The project is designed to help build the legislative foundation of the late-2018 regulation titled Governance of the Energy Union and Climate Action, which is available here. The purpose of that regulation is to achieve the EU’s 2030 and long-term climate goals, in line with the Paris Agreement.
We at Enerdata will contribute our expertise on energy subsidies and energy taxation systems, by providing both a reliable theoretical framework and a thorough fact-based analysis. By doing so, Enerdata will help the European Commission define the reporting that Member States should implement to phase out energy subsidies, and especially fossil fuel subsidies. The new project will also extend the geographical scope of the original project, which was limited to the European Union, to also include all G20 countries.
EU Publishes Enerdata Prices, Costs and Subsidies Study
January 10, 2019
The European Commission recently published a report summarizing the main conclusions of a study conducted by Enerdata and partners Trinomics and Cambridge Econometrics.The study focuses on prices, costs and subsidies for energy in Europe, by evaluating the role of competition in the formation of prices – both wholesale and retail – and analysing the impact of energy bills on household budgets, as well as on the competitiveness of European industries (by industrial sectors) in the global market. Enerdata coordinated a network of experts in the EU’s 28 member states who were tasked with identifying and quantifying energy subsidies.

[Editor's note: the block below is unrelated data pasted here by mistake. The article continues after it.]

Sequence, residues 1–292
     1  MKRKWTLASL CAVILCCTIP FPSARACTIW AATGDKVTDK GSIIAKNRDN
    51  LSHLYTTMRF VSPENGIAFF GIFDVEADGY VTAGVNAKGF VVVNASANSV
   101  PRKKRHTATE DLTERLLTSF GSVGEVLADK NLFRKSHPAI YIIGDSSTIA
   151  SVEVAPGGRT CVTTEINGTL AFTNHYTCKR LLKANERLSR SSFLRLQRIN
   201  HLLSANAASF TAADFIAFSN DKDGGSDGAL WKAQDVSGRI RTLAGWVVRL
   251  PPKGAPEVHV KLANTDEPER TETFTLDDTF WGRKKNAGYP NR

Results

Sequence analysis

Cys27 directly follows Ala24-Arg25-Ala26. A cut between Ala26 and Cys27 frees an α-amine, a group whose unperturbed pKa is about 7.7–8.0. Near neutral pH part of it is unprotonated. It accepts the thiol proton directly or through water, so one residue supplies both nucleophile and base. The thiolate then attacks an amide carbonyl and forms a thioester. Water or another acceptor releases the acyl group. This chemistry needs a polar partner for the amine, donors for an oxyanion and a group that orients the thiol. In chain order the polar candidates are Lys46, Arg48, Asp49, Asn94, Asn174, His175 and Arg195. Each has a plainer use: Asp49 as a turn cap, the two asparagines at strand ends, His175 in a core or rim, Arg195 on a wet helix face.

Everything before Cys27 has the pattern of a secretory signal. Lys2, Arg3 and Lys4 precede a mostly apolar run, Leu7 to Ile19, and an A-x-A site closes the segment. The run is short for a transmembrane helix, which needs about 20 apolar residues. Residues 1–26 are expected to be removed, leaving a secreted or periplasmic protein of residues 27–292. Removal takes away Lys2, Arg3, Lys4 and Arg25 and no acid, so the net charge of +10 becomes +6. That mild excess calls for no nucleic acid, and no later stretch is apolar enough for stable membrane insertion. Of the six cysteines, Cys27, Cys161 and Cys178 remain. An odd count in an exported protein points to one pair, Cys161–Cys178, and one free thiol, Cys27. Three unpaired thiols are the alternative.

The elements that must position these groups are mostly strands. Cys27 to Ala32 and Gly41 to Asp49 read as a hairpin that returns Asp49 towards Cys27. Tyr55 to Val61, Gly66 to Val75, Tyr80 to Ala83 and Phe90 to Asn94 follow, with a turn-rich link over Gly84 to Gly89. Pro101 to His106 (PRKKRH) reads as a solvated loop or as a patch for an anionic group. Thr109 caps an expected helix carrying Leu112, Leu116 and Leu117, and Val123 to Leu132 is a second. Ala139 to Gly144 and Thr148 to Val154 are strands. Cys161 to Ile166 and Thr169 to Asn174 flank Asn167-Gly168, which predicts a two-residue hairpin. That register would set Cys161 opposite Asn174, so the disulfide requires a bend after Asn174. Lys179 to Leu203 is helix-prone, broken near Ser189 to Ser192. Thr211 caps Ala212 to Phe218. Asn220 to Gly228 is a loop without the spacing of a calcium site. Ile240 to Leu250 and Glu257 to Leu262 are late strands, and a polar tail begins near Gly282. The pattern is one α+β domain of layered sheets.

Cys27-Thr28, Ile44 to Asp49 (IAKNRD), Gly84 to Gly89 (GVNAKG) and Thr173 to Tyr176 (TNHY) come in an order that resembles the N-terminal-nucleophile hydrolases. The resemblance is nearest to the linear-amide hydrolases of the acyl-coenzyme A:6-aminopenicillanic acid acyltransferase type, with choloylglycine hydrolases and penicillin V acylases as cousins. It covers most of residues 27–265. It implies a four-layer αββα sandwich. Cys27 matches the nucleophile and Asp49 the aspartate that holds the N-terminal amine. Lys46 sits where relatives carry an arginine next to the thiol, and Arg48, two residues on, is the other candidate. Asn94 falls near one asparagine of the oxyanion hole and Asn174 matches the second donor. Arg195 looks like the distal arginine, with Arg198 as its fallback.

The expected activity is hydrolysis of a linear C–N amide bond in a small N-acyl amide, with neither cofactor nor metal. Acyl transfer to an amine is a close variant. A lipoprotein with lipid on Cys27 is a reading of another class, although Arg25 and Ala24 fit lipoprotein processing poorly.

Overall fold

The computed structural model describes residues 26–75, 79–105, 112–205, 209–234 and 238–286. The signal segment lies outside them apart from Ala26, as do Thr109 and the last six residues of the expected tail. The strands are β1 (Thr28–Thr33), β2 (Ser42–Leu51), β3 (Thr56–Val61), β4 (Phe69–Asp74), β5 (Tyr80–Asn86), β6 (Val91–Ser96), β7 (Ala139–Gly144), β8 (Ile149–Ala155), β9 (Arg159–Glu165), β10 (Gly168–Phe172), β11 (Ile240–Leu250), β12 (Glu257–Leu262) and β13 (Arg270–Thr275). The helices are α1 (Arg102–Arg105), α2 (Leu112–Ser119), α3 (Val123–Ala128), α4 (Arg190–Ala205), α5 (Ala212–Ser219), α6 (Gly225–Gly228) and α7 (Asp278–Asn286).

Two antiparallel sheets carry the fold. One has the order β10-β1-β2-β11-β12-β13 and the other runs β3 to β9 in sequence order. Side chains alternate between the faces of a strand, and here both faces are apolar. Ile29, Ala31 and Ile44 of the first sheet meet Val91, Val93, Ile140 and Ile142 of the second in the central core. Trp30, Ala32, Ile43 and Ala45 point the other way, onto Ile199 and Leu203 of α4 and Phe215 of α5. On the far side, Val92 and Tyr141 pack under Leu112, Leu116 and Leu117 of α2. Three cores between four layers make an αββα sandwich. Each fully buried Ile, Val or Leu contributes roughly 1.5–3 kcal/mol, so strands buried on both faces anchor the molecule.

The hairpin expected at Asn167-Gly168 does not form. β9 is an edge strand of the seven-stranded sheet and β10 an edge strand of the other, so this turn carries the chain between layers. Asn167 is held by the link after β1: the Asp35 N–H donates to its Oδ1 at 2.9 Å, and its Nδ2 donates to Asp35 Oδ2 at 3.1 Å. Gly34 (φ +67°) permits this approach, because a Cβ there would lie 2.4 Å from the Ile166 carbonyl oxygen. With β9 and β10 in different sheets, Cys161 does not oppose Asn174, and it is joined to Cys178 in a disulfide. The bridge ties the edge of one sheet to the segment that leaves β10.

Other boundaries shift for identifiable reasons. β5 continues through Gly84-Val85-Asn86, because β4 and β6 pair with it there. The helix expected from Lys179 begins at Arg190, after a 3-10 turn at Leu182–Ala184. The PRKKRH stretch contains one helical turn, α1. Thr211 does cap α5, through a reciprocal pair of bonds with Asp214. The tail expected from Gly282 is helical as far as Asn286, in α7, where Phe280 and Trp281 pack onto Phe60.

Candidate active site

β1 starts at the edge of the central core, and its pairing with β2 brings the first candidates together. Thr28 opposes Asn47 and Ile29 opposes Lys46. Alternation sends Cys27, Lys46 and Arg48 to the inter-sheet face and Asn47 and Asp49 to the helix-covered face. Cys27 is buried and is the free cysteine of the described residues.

Our work showed that energy-related subsidies have increased 12%, from 150 billion euros in 2008 to 168 billion in 2016. This growth in public financing for the energy, transport and agriculture sectors in the EU can be explained by the strong support for renewable energy production in the member states (which totalled 75 billion euros in 2016), in line with European commitments.
Even more surprising – and contrary to the European goal of eliminating fossil fuel subsidies – support for hydrocarbons increased slightly to 55 billion euros in 2016, of which 28 billion went to petroleum products. In total, energy consumption and production subsidies were almost 90% of the 2016 total. Subsidies for research and development, and energy efficiency were just slightly more than 10% of the total disbursed in 2016.